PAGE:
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An eye-opening experience

March 14, 2011

Post & Mail photo /Becky Hand — Guests are led to their table by a sighted Girl Scout guide at the Dining in the Dark event Sunday evening at Eagle’s Nest Event Center.

COLUMBIA CITY — Dining by candlelight has always been associated with romance, or maybe a power outage, but eating a meal in the total darkness, as a totally blind person would, is a different experience entirely.
And for a reporter, who relies on sight for taking notes, and for observing events, not to mention getting just the right picture, reporting with a blindfold on seemed a daunting task.
The program, a benefit for the Lakota Chapter American Council of the Blind of Indiana and the Tri-Lakes Lions Club, occurred Sunday evening at the Eagle’s Nest Event Center.
Designed to give the sighted a taste of what a blind person contends with in such a common everyday occurrence as eating a meal, the program seemed to allow much too much time for what was scheduled — a simple meal, a speaker and an award presentation.
Seating alone was given one hour, which turned out to be completely necessary. Participants in groups of four listened to hints designed to aid us in our quest for sustenance without sight and we were then given bibs and blindfolds which were designed to allow no light in, while letting the eyes remain open.
Small groups lined up with their blindfolds on and put a hand on the person’s shoulder ahead of them as a sighted person led the little parade to the table.
The sighted guide placed our hand on the back of our chair and we found our seats. Then a careful examination of the table in front of us, with fingers curved and “low and slow” the mode, silverware was found and a napkin.
As we waited for the rest to be seated, we struck up a conversation, learning names of the other “blind” people at the table. As others were seated at our table, we learned names.
Some talked freely and others, a bit unnerved by the experience were quieter.
As the salad was brought — we were given 45 minutes for this course — we fumbled for our forks and began stabbing at the food. From comments heard, some of the forks lifted were more often empty, until we decided it was OK to use fingers. One commented he discovered he had been eating pieces of his styrofoam bowl.
Dinner came with another 45-minute allotment and we were told by the hands of a clock where each item was placed, meat at 12 o’clock, and side dishes at 4 and 8 o’clock. That was all we were told.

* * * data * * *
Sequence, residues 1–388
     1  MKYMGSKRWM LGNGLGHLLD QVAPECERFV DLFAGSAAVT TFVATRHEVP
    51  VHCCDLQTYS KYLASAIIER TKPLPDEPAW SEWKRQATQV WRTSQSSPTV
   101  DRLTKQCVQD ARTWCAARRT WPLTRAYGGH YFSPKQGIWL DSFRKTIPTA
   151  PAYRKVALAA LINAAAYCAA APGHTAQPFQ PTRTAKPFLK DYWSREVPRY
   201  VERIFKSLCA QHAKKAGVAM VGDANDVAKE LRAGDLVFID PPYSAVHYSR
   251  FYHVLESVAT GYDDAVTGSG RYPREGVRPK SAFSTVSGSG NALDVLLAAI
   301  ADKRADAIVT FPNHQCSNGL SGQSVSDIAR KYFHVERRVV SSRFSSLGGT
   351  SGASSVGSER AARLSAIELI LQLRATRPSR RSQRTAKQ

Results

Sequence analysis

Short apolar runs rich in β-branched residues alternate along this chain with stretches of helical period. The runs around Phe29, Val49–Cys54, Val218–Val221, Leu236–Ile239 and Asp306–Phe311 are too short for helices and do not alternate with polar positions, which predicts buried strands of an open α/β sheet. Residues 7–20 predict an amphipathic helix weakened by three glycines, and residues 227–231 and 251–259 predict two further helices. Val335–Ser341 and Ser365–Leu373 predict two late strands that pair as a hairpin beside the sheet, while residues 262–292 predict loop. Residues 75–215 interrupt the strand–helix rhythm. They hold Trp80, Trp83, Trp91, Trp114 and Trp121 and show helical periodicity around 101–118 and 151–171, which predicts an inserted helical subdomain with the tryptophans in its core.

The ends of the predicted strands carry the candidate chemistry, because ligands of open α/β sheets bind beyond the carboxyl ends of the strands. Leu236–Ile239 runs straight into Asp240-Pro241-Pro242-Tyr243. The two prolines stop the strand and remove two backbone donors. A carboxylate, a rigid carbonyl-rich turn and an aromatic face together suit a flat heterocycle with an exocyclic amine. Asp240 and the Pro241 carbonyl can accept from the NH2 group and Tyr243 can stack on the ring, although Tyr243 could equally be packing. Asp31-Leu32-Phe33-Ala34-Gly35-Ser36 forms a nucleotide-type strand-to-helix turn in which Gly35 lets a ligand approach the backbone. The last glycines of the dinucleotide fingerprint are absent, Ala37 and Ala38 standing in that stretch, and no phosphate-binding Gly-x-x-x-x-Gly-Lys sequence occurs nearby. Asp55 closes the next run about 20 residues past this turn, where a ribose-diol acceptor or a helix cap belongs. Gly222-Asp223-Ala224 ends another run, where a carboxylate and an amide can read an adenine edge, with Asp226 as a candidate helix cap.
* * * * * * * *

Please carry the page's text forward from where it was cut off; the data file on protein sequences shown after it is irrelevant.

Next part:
Those at our table were able to identify the green beans and potatoes, but the meat was questionable. Was it chicken or pork? And how does one cut the meat to get a suitable size bite?
As we were finishing up, Pastor Jim Clifford from Laud Christian Church gave a humorous introduction for guest speaker Linda Scribner, who was raised by two sighted parents with her two blind siblings.
Her attitude was one of humor and it was evident in her voice that she was completely comfortable with her blindness as she related some of the mishaps she had endured throughout her life. She joked that she was the most experienced blind diner at her table.
Dessert was given only 30 minutes, and by now we were getting the hang of it. Use of fingers was immediate and with more confidence as we dug into cheesecake, though some might have been eating key lime pie.
After dessert, the unmasking. As the blindfolds came off, everyone looked around to see what faces belonged to the voices. Many were surprised to see the age of the person they had been talking to.
At this point, we were able to see Pastor Clifford and Scribner as he presented her with the Patricia Fager Inspirational Service award given for her service to the blind people of our area. Fager was a former resident of Columbia City who was born blind, but lived independently for much of her life. She also played the organ for a local church and a highlight of her life was playing the Embassy Theater pipe organ in Fort Wayne.
Clifford told of Scribner’s willingness to stick to whatever job needs done. He called her a person of ability with a loving personality.
For those who hadn’t known before, it was revealed that the pastor himself is legally blind.
The program, possibly to become an annual event, was aided by the volunteer efforts of the Lakota Chapter ACBI, the Tri-Lakes Lions Club and Girl Scout Troop 00068 Northern Indiana Michiana in Columbia City. An organizer estimated about 50 attended Sunday night.
For more information about the Lakota Chapter American Council of the Blind of Indiana, contact Sue L’Esperance, project coordinator at 248-9692.

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